Swearing out loud can help to boost muscle strength and stamina, according to new British research.
The study, which came from the University of Keele, had volunteers issue expletives before undertaking intense sessions on an exercise bike and a device measuring grip strength.
Lead researcher Dr Richard Stephens said the results showed the participants produced more power and had a stronger handgrip if they had sworn.
"We know from our earlier research that swearing makes people more able to tolerate pain. A possible reason for this is that it stimulates the body's sympathetic nervous system - that's the system that makes you heart pound when you are in danger.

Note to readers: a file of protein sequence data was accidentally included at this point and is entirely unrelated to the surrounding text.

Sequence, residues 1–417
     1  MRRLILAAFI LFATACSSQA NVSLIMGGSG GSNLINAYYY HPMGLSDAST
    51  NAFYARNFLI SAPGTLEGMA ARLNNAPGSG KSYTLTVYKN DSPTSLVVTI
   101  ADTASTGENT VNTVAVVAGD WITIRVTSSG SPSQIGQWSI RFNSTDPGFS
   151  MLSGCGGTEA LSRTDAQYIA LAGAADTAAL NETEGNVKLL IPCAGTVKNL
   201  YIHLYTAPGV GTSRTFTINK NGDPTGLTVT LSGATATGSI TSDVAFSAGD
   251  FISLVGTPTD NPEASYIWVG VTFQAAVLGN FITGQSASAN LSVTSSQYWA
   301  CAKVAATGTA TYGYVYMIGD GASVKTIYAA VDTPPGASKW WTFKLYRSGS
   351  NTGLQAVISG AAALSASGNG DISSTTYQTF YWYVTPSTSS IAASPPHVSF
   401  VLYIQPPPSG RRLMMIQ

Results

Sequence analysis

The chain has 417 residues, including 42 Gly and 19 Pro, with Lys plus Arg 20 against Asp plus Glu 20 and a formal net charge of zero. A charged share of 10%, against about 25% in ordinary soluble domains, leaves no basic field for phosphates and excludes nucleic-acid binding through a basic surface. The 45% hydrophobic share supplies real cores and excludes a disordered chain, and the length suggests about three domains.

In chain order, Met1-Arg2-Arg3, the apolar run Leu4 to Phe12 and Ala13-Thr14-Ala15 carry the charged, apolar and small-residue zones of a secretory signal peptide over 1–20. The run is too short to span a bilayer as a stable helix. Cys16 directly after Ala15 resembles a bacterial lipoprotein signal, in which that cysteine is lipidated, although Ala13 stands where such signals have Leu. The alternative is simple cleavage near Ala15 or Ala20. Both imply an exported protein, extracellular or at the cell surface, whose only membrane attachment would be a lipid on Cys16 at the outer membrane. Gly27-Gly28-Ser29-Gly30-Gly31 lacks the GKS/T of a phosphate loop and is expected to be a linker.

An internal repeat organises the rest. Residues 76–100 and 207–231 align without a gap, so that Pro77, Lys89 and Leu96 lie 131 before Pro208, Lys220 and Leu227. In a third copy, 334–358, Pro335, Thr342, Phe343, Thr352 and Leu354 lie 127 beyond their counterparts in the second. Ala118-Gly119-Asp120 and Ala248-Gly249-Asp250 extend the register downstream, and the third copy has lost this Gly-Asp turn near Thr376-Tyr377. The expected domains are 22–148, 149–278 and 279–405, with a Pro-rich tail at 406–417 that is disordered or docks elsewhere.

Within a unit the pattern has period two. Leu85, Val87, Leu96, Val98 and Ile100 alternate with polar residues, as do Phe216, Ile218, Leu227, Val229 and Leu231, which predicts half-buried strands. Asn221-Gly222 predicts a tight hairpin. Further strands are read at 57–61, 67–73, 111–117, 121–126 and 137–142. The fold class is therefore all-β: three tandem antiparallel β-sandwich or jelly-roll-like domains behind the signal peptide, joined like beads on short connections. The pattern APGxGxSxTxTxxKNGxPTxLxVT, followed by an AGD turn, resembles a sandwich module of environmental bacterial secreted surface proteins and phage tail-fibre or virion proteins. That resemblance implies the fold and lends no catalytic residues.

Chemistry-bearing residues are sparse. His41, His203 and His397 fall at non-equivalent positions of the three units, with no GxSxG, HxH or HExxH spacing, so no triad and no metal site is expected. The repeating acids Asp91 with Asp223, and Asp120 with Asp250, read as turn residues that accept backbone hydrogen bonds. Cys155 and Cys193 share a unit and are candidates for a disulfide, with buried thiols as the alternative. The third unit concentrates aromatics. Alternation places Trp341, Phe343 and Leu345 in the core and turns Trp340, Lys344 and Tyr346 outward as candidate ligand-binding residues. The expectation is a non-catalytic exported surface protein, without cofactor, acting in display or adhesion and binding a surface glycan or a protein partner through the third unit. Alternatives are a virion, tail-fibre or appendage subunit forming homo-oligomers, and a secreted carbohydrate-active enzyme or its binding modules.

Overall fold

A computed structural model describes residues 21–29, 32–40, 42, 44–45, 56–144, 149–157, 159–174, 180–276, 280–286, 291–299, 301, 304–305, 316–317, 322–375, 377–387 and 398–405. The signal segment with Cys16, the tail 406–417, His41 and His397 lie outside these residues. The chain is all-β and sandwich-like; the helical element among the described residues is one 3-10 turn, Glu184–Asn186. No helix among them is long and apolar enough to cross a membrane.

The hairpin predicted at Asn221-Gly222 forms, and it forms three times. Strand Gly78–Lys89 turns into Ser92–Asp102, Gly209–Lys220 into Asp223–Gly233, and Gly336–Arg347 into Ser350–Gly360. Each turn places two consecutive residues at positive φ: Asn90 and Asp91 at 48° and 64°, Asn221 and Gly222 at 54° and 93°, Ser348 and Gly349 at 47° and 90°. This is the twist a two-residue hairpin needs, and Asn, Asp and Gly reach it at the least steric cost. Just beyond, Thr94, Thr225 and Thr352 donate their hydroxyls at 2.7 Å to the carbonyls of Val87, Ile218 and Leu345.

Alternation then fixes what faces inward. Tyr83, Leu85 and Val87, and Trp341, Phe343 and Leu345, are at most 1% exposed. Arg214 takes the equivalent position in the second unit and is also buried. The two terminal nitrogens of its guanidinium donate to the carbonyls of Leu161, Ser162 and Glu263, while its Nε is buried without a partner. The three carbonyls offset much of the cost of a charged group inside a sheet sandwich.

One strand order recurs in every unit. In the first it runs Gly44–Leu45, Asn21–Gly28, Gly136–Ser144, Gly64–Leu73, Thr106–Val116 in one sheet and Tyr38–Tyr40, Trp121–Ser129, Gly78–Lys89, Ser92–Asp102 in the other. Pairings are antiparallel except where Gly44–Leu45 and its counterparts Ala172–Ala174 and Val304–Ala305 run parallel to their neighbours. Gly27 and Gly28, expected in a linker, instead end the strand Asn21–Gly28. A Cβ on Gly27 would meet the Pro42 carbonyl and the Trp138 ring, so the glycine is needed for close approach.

"If that is the reason, we would expect swearing to make people stronger too - and that is just what we found in these experiments."
Researchers did not find any significant changes when they measured heart rate and other bodily functions which would be affected if the sympathetic nervous system was responsible for the increase in strength.
"So quite why it is that swearing has these effects on strength and pain tolerance remains to be discovered. We have yet to understand the power of swearing fully."
Christchurch-based personal trainer Kate Lugtigheid said she was not surprised by the findings.
"You need to put yourself into a state, and everybody does that differently, whether that's through aggressive swearing or grunting or visualisation, or whatever it needs to be. But put yourself into that state and you'll get a better performance, for sure."